On June 17th, Sotheby’s will auction the most expensive object by weight and size ever sold: the British Guiana One-Cent Magenta, a one-of-a-kind stamp with an infamous history. Paperless Post CEO James Hirschfeld sat down with David Redden of Sotheby’s to talk stamps, design, and the value of virtual paper.
Read part one of this conversation on Sothebys.com. Our favorite quote: “$50,000 for a bunch of ducks is a lot of money.”
HIRSCHFELD: A lot of what we do at Paperless Post has to do with the dialogue between the authentic thing and the image of it. When we created Paperless Post, we relied on this metaphor of “authentic mail” as a way of communicating value. The cherry on top was the idea of putting a stamp on every envelope that got sent. As government documents, stamps connote authenticity, and the image of the stamp served as a way of validating and expressing the importance of the message that was being delivered.
REDDEN: It signified that it had been sent and that it was going to be received by its recipient. The stamp was the official recognition that this was going to go safely from point A to point B.
HIRSCHFELD: Of course, within the protocol of email, it was completely unnecessary—a total metaphor, and a bit glib maybe. It was fun, though. When we first launched, we charged money by selling stamps. People would buy one stamp per card, and it was a process consumers really understood.
REDDEN: And people love them!
HIRSCHFELD: Yes, it’s a way for people to express themselves.
REDDEN: It also conveys a formality to the whole procedure, which is wonderful. The virtual envelope, the stamp, the animation: these are all things that regular email doesn’t have. Normal email seems too simplified, too glib, too insignificant, and you make it more significant by having all of this apparatus around it.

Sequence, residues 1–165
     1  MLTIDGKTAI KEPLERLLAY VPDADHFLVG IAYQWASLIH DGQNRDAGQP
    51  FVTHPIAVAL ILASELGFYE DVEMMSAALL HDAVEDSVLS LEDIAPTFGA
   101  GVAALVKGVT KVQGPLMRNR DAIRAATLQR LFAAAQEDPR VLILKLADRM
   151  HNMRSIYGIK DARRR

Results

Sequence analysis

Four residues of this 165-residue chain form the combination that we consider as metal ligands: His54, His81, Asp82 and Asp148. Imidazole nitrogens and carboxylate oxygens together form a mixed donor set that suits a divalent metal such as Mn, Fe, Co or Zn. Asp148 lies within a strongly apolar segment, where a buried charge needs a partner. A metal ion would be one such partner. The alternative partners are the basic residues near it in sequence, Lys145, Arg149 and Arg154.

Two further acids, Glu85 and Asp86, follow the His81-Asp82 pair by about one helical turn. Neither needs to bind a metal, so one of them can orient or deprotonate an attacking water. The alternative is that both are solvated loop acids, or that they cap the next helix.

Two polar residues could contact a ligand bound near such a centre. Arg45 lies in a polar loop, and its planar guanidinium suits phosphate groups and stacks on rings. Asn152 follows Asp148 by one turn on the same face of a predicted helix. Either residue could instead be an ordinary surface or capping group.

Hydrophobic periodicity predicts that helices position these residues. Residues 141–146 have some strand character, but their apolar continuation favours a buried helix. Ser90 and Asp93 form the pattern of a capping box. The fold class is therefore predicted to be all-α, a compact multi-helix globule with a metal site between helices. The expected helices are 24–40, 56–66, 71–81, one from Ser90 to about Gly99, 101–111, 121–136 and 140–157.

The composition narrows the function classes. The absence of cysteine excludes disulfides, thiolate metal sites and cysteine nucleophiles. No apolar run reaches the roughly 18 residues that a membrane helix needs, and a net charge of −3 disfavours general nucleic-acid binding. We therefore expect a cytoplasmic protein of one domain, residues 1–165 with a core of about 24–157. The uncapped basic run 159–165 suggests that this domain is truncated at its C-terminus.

HIRSCHFELD: Ideally, that apparatus hearkens back to a more personal type of communication, which in itself is a means of self-expression and design. Back when stamps like the British Guiana were being used, communication was less about design, but now you see design being a big part of it. Stationery has gone from being a necessity to an accessory. People buy it because they want it, not because they need it. The paradigm of communication is shifting, but there are parts of it that are disappearing and parts of it that will always be there.
REDDEN: Everybody has to communicate.
HIRSCHFELD: These days, people are communicating in so many ways— Snapchat, text message, satellite phone, email—so it really is a statement to send paper. Paperless Post plays in this dialogue between the physical object and the image of it. We sell both, and the two create value for each other.
REDDEN: So you sell virtual paper and you sell real paper.
HIRSCHFELD: Yes, exactly. We sell a lot of actual paper because we sell virtual paper, and we sell a lot of virtual paper because we sell actual paper. Incorporating the image of the British Guiana into our virtual platform will hopefully grow the understanding and appreciation of the actual object.
REDDEN: It’s about history and value and the idea that you can have an image that’s only recognizable to a tiny handful of specialists over time be recognized by more and more people: “My goodness—this is that stamp that is going to be worth so much money.”
REDDEN: And ultimately, it’s significant because it is going to be the most valuable object by weight and size in history. That’s almost a virtual value right there!
Photo by Seth Caplan.